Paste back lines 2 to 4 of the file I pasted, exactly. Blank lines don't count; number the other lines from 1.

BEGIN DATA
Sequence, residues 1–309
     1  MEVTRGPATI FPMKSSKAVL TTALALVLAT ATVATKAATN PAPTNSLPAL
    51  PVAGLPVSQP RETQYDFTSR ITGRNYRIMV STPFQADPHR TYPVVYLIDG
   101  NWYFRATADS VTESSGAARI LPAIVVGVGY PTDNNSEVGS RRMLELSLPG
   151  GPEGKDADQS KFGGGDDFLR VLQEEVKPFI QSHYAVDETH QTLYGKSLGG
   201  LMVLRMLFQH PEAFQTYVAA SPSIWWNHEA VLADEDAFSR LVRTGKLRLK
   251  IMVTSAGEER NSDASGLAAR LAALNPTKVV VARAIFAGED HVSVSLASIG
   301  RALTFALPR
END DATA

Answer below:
     1  MEVTRGPATI FPMKSSKAVL TTALALVLAT ATVATKAATN PAPTNSLPAL
    51  PVAGLPVSQP RETQYDFTSR ITGRNYRIMV STPFQADPHR TYPVVYLIDG
   101  NWYFRATADS VTESSGAARI LPAIVVGVGY PTDNNSEVGS RRMLELSLPG